In the day after the introduction of the Equality Act, Cretella participated in two interviews with FRC to discuss their shared opposition to the bill and to promote anti-trans policies. During those interviews, Cretella and FRC leaders acknowledged that they met with members of Congress and their staffs to discuss the bill.

    Outside of those appearances, FRC has not published materials about the meetings, so there is little information on which lawmakers the groups met with or what they discussed. On March 13, Sen. Ted Cruz (R-TX) tweeted a picture with FRC President Tony Perkins, writing that the two discussed the work of the U.S. Commission on International Religious Freedom (for which Perkins is a commissioner).

    During the March 14 edition of Perkins’ podcast, he revealed that ACPeds joined FRC in meetings with members of Congress and their staffs to discuss anti-trans policies:

    TONY PERKINS (FRC PRESIDENT): So here’s the question: Is this transgenderism or gender dysphoria -- is it an issue of the mind, or is it an issue of the body?

    MICHELLE CRETELLA (ACPEDS EXECUTIVE DIRECTOR): You know, Tony, that is the foundational question, and the answer is gender dysphoria, transgender belief is in the mind. And what we are facing in medicine, and psychology -- and as you said, from pre-K to the halls of Congress -- is a top-down tyranny of -- It’s basically a cult. It’s a cult that is telling us that children are born with the belief that they are trapped in the wrong body, and it’s simply not true.

    PERKINS: Now you joined us the other day on Capitol Hill for some briefings with lawmakers, and I -- you know, I deal with this stuff almost every day. But we can always learn, and I learned a lot from listening to you more about this where -- and you made some illustrations which I think are very important. When someone has anorexia or another type of situation that is really psychological, physiological, we treat it a certain way.

    Perkins’ comments comparing transgender identities to having an eating disorder mirror talking points from the flawed concept of so-called rapid-onset gender dysphoria, an unvalidated hypothesis that suggests teenagers are coming out as trans due to “social contagion.” However, the original study that promoted the concept was re-evaluated following complaints about its research and methodology, and on March 19, the academic journal which published it issued a correction to note that the study only “serves to develop hypotheses” and that the concept has not been validated.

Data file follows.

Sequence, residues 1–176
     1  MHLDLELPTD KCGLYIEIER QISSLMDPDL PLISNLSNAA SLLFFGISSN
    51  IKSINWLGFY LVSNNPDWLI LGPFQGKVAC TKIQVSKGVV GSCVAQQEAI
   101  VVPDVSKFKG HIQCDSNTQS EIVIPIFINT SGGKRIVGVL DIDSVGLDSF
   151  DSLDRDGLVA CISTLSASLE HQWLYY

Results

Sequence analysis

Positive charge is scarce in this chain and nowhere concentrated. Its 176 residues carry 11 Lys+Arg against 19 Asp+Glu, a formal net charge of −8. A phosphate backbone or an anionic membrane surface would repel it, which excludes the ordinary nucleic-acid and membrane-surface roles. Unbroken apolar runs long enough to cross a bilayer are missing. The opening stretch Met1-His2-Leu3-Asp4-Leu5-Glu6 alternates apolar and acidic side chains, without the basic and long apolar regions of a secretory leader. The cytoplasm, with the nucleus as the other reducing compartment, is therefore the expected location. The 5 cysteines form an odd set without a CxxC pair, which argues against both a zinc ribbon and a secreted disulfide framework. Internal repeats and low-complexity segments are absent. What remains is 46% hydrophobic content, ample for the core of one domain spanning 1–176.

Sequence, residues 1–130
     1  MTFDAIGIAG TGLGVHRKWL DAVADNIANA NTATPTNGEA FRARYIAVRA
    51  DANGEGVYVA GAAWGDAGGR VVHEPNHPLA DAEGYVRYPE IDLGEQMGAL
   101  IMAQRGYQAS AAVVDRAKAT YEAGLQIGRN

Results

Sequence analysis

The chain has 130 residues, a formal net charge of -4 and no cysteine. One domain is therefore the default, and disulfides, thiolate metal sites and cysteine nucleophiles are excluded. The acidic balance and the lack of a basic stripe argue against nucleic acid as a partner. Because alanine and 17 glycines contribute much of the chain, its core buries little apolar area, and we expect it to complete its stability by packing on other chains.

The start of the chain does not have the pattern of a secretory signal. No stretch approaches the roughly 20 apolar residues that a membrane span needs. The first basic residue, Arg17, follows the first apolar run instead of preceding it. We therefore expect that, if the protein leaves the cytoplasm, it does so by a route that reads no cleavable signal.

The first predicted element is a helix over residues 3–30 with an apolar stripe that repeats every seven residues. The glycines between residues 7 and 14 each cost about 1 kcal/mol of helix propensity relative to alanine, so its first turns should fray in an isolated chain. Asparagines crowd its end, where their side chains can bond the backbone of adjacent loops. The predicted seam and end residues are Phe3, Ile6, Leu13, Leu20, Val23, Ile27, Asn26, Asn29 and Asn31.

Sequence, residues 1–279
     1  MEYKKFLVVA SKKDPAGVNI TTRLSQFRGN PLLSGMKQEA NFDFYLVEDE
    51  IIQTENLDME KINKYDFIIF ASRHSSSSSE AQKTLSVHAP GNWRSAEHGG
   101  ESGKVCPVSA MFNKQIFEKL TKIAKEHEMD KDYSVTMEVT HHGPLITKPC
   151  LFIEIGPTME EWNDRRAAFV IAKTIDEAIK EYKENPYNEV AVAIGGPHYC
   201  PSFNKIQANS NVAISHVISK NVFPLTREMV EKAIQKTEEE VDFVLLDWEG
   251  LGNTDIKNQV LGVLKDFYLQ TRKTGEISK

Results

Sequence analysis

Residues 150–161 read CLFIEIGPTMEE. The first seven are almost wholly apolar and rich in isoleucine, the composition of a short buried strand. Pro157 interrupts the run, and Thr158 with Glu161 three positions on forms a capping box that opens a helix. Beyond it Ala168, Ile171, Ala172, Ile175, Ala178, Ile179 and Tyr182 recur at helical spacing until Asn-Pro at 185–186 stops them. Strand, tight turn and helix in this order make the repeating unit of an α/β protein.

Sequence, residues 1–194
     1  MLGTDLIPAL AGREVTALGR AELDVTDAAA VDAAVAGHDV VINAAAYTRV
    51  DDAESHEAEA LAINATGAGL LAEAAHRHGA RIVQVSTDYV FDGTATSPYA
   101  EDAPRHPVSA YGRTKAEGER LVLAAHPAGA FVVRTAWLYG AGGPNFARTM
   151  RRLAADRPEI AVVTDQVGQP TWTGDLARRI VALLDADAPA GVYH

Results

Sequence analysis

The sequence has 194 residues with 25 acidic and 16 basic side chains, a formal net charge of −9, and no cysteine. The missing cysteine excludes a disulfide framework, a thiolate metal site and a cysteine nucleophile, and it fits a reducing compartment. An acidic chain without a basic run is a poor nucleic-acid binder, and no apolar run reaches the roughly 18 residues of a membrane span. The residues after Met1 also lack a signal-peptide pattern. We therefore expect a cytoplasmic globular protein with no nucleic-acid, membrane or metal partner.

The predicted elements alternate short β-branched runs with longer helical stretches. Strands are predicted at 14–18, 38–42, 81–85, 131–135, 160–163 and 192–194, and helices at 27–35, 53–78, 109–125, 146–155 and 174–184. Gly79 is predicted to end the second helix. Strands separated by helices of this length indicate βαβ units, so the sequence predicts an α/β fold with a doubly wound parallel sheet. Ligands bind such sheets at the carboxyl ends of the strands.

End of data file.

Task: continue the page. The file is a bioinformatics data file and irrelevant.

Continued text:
In addition to Perkins’ interview, FRC senior fellow Peter Sprigg also interviewed Cretella and Heyer in a Facebook video on March 14. During the interview, Sprigg acknowledged the Capitol Hill meetings, and Cretella falsely claimed that being trans is comparable to having anorexia. She also falsely claimed that trans-inclusive policies threaten the safety of women, a myth that has been repeatedly debunked. From the March 14 video:

    PETER SPRIGG (FRC SENIOR FELLOW): I want to move on to now to some of the policy issues, public policy issues, and you’ve been gracious enough to share on Capitol Hill today with members of Congress and their staffs who are considering a number of pieces of legislation that would make gender identity into a protected category under civil rights laws, notably one called the Equality Act, which would include sexual orientation and gender identity as protected categories.

    Dr. Cretella, I wanted to ask you about one of the issues that has come up with respect to gender identity protections in public accommodation laws, which is: What does this do for the privacy and safety of women and girls?

    MICHELLE CRETELLA: Sure. You can’t -- if we protect gender identity as if it were a trait like sex, you eliminate girl and women rights. There are no women’s rights. Why? Because any man, any boy can simply proclaim, “I’m a girl.” All you have to do is say it. Being transgender -- OK, transgender people are real in the same sex that anorexic people are real. An anorexic person is a man or a woman who has anorexia, which is an emotional or mental disorder. Transgender people are a man or a woman, men or women, who have a disorder. So in public accomodations, if we protect gender identity, any man can walk into a woman’s restroom. Any man can walk into a women’s locker room, a women’s domestic shelter, homeless shelter, a -- women’s prisons, they can be housed with the women.

    Women and girls’ safety goes out the window, and this is not a bigoted statement. It is reality. Women have fallen prey to male violence for eons. It’s just a fact. It’s a biological fact that men are bigger, taller, stronger, faster. That’s biology, and that is why we’ve always protected women’s spaces and women’s sports.

    Anti-LGBTQ groups and right-wing media have elevated ACPeds’ bad science as an alternative to the legitimate American Association of Pediatrics

    Extreme anti-LGBTQ groups such as FRC regularly tout ACPeds as an expert source on scientific and medical issues related to LGBTQ people despite the fact that it is a discredited, partisan organization.